***Note: this review presumes that you've read the book.***
The language and imagery in this book are excellent, and the premise is cool, if somewhat traditional: a young civil-war-era woman is trapped on earth as a ghost, haunting a series of individuals until she figures out her unresolved feelings about the end of her human life. The manner of her hauntings is interesting: she attaches herself in a sort of serially-monogomous way to human hosts (all of whom, luckily for her, are literary types), and can't stray far from them or wish for a different host without risking being sent back to a personal dark, ice-water hell.
But I was disappointed that so much of the story was devoted to the romance, and that our character's hopes and dreams quickly come to revolve around a young man. This woman has studied poetry and plays and novels with her hosts for 130 years, has tried to help them with their work by subtly influencing them, and has gone to university with her latest host and watched him teach English classes. She was a grown woman (29 years old) with a child when she died, she has an attraction to literature, and we're led to believe it's a big part of her life. And yet, in the end she's willing to kill herself over a boy. (No, that's not quite right: she's willing to kill someone else's body over a boy. A body she has gotten pregnant.)
Both Helen and James were in their late twenties when they died, and were serious adult human beings with responsibilities. The whole middle section of the book, with teenage longing and single-minded anticipation of sexual encounters, seemed so out of keeping with who they should have been. More sinful: it was tedious to read. (And while I'm on the subject of Helen being a grown woman: there is no way on earth that an adult who had done years of laundry wouldn't know that hand-washed underwear balled up, wet, inside another article of clothing in a hamper would be discovered by her mother.)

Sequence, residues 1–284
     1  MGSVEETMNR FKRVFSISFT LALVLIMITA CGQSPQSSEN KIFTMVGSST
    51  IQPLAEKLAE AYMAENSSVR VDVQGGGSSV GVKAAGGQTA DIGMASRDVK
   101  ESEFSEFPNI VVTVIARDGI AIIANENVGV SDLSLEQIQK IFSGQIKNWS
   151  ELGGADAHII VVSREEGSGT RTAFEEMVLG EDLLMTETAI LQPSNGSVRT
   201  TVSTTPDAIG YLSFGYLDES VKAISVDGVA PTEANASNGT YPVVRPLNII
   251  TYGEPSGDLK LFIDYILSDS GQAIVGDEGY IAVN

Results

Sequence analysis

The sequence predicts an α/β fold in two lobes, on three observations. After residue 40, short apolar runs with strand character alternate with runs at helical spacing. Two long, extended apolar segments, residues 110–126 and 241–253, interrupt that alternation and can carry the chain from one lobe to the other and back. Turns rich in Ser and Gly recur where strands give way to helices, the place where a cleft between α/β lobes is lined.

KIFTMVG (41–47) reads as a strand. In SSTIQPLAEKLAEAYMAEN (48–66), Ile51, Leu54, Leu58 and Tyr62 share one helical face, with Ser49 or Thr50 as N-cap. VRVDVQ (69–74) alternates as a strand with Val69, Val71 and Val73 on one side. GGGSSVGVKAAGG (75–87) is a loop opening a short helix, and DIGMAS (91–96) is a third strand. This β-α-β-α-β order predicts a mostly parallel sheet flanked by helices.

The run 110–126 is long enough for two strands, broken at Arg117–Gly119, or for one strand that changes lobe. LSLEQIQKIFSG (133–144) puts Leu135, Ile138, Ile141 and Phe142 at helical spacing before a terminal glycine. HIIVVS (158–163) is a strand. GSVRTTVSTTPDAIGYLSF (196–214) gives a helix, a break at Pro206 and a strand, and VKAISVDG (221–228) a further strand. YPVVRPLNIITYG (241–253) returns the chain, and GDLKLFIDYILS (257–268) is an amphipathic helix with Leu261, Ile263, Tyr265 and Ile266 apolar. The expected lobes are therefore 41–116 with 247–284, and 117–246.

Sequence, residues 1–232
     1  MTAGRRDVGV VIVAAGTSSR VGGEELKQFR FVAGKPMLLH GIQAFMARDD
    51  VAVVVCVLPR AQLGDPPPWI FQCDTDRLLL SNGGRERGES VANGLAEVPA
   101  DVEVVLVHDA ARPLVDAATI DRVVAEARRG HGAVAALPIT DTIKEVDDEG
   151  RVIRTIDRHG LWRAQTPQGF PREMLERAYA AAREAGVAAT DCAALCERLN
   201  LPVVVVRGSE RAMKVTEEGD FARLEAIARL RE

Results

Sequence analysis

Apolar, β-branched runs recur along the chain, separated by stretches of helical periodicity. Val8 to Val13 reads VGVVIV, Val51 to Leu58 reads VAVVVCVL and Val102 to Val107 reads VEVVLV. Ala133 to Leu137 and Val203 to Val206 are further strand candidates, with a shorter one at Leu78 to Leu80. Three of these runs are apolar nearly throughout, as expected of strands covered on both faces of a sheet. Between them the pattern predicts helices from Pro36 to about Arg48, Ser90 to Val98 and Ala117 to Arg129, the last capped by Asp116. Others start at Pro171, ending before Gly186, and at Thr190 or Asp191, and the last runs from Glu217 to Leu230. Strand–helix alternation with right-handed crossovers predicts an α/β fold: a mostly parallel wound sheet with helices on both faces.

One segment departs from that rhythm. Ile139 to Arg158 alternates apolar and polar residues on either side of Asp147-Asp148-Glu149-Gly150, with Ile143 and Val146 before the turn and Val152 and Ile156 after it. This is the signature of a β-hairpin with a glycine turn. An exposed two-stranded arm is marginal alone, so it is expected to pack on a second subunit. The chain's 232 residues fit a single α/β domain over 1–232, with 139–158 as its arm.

Helen and James's love came on quickly. But more objectionably, it became the only thing Helen cared about. I was intensely disappointed that by the end, when Kathy, the strict, fundamentalist-Christian mother of Jenny's body, is finally breaking free of the confines of her marriage, and finally opening herself to a real relationship with her daughter, Helen suddenly decides to do herself in, because she can never be with James. It was an especially immature decision, given that Helen has no guarantee that dying in a human form will finally release her, and since she now knows that whoever is "Jenny"--whether Helen lives in the body or Jenny's spirit re-inhabits it--has the new possibility of avoiding that religious prison. What sort of caretaker is Helen being of Jenny's body? I had already found it disappointing that after seeing Jenny's plight and understanding why Jenny was forced to "zone out" in her own body, Helen didn't search for Jenny's spirit. As a grown woman and a heretofore generous person, I would have thought she'd feel guilty, knowing that if Jenny could just hold on until she becomes an adult, she'll be in charge of her own life. Wouldn't she want that for Jenny? Hadn't she and James agreed that what they were doing was wrong--that they had to give back the bodies? And hadn't James in fact done that? The "my love is gone, I guess I'll kill myself" plot worked exactly once in literature, and that was because Juliet was actually fifteen, not twenty-nine plus 130 years. (Helen does express a tiny bit of remorse as Jenny's body is falling unconscious, but not enough to not take the last handful of pills.)